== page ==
The development of the space economy of the municipal area according to the nodes can be delayed since not all municipalities have adopted the Spatial Development Framework. To date, four municipalities namely: Bela-Bela, Mogalakwena, Lephalale and Thabazimbi have adopted SDF's, Mookgophong is awaiting adoption by council and Modimolle is in the process of developing the plan.

Settlements found are town, townships, villages, informal settlements and farms. There are 168 villages in Mogalakwena and 38 in Lephalale municipalities which make the district to be predominantly rural.

The land use patterns resemble a natural zonation with the mining sector/industry mainly concentrated on the periphery of the district whilst tourism and game farming activities take place at the central area. Commercial activities occur mainly within the transition areas and adjacent areas of the biosphere reserve.

The land is mainly used for conservation, crop farming, game farming, mining and small portion is used for settlement. The municipalities are still relying on town planning and township ordinance 15 of 1986 and old town planning schemes because the Land Use Management Bill is still to be enacted. Rural areas in municipalities that have traditional authorities in their jurisdiction have to involve the traditional authorities in the process as some of the land is in their trust. It is therefore very critical that relations are forged by the municipalities and traditional authorities.

The promulgation of the Land Use Management Schemes is not complete. Bela- Bela Municipality has promulgated its scheme whilst Thabazimbi, Lephalale, and Mogalakwena have started the promulgation phase. Mookgophong and Modimolle are in the process of developing the land use management schemes.

Land Reform and Land Tenure

Land is not equally distributed in Waterberg. Land reform issues within Waterberg District Municipal area are complex. There are challenges with regard to land access, land tenure, land restitution [Land claims] and land administration. Numerous land claims have been lodged with the Land Restitution Commission in the past. There are land claim backlogs in all municipalities. Approximately 252,342 hectares representing 40.80% of the total local municipal area of Mogalakwena is subjected to land claim. It is followed by Lephalale with 179,163 hectares representing approximately 9.14% of the municipal area, which is subject to land claim. The number of land claims in the other 4 municipalities is substantially less, with Mookgophong 40,243 hectares representing 9.42% of the total municipal area.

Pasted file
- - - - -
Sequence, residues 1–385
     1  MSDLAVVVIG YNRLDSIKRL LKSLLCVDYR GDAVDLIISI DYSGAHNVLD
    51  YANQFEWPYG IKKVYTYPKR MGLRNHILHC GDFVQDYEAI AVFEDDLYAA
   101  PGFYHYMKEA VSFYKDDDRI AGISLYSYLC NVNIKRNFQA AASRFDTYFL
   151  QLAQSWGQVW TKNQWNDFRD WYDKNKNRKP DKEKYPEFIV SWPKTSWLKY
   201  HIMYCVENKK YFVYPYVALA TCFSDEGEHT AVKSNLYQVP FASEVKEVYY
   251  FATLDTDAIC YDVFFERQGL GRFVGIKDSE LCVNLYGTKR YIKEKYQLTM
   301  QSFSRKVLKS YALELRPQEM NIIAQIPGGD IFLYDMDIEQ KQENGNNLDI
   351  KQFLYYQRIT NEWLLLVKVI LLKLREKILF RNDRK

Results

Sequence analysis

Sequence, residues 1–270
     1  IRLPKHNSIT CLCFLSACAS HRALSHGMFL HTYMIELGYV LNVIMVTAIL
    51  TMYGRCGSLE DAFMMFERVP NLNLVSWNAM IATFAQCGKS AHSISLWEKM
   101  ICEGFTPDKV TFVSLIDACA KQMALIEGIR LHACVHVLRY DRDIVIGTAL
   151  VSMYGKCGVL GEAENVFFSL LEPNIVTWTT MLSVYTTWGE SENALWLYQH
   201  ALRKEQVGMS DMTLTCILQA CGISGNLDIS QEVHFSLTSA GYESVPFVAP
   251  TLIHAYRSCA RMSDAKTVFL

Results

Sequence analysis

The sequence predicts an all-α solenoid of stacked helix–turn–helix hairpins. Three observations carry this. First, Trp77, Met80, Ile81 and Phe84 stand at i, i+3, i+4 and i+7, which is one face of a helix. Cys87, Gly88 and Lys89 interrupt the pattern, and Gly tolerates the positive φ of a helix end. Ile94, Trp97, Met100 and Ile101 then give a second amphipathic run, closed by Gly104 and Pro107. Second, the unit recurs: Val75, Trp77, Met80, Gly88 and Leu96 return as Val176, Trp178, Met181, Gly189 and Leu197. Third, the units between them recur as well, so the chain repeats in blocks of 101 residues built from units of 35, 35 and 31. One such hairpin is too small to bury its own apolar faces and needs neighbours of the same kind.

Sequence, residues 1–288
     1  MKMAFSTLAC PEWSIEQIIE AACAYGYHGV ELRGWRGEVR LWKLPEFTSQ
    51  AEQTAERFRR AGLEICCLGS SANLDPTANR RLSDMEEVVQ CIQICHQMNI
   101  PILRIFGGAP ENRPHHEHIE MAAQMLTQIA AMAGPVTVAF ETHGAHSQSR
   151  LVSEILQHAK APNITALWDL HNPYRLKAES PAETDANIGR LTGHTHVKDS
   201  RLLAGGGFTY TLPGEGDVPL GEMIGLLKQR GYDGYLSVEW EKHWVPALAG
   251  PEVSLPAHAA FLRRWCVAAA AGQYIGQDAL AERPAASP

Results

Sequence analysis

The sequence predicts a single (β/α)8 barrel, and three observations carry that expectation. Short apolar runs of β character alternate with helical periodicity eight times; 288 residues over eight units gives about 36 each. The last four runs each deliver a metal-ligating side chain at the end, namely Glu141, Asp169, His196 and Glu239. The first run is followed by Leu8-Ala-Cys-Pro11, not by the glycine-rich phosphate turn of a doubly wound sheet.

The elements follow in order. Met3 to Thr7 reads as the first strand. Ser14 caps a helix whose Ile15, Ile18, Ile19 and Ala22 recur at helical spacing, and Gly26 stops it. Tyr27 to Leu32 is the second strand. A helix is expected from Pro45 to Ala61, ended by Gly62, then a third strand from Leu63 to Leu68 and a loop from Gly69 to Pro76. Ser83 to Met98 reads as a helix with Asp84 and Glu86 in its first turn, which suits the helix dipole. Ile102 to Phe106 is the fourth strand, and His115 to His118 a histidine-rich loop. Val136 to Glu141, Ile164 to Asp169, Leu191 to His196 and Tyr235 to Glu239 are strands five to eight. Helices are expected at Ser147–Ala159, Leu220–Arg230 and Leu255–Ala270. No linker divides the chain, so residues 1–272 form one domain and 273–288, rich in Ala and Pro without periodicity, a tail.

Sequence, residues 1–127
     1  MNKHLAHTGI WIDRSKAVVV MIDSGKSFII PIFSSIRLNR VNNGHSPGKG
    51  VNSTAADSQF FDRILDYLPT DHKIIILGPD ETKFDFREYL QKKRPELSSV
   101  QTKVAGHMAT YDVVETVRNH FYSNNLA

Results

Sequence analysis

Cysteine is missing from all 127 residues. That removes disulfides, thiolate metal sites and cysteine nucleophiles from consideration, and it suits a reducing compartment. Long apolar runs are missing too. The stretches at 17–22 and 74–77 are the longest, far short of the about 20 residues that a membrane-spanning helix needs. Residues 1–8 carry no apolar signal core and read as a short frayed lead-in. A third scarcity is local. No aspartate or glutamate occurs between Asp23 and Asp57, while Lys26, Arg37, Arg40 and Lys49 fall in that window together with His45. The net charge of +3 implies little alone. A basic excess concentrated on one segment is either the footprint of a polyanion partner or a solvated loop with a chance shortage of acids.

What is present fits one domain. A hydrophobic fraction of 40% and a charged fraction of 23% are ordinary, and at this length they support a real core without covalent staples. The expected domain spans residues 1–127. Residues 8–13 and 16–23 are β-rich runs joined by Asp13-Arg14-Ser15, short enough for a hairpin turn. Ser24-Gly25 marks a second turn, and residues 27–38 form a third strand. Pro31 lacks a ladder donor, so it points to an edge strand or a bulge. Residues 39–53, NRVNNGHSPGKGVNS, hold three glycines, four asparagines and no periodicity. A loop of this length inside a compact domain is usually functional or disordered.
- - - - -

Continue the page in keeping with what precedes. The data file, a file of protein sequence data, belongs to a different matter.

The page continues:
From a spatial point of view land ownership does not necessarily determine the preferred use of land. The exception are, as is the case with tribal land , where uses are restructured through restricted ownership practices, and where land restitution leads to commercially productive land becoming unproductive. The land restitution process can restrict investment and economic activity over the short and medium term but should not have an impact on the long term use of land.

The process and the capacity building of the beneficiaries to utilize the land are critical to uplift both the social and economic being of the claimants of the land. The key challenge for the district in the land reform process is to deal effectively with the injustices of land dispossession, equitable distribution of ownership, reduction of poverty and economic growth, tenure security as well as a system of land management which will support sustainable land use patterns. To deal with sustainably of agricultural land, the Waterberg District municipality has developed the agricultural land use policy to promote sustainable agricultural land use. In recent times the District has experienced an upsurge in terms of applications, illegal subdivisions and enquiries for conversion and change of farm land use from traditional agricultural uses to non-traditional farm uses such as game farming, golf courses, holiday accommodation, etc. The agricultural land is subdivided into unproductive or uneconomic land portions without proper assessment of the cost and benefits affecting the district's productive land for agricultural development and impacting negatively on the social, aesthetic and environmental quality of the local area.

The major towns and settlements are:

  • Mokopane is the urban core of the area. It was established by the Voortrekker leader Hendrik Potgieter in 1852 and named Vredenburg as symbol of reconciliation between himself and the other Voortrekker leader, Andries Pretorius. Due to continuous skirmishes between the early settlers and the local tribes as well as the heavy toll malaria had on the people, the town was evacuated and only re-established in 1890. It was awarded municipal status 1939. The name was changed again in 2002 to Mokopane after the Ndebele chief who moved to the Waterberg area in the nineteenth century.
  • Mookgopong was established in 1886 as a halfway house between Pretoria and Polokwane. It served as a trading post until 1907 when it was proclaimed as a town.
  • Modimolle or Nylstroom as it was previously known, was established by a group of pioneers known as the Jerusalem Trekkers who believed they have reach the Nile and had been close to the Holy Land. The river flowed north and the koppie (Modimolle) looked like a pyramid. The town was established in 1866.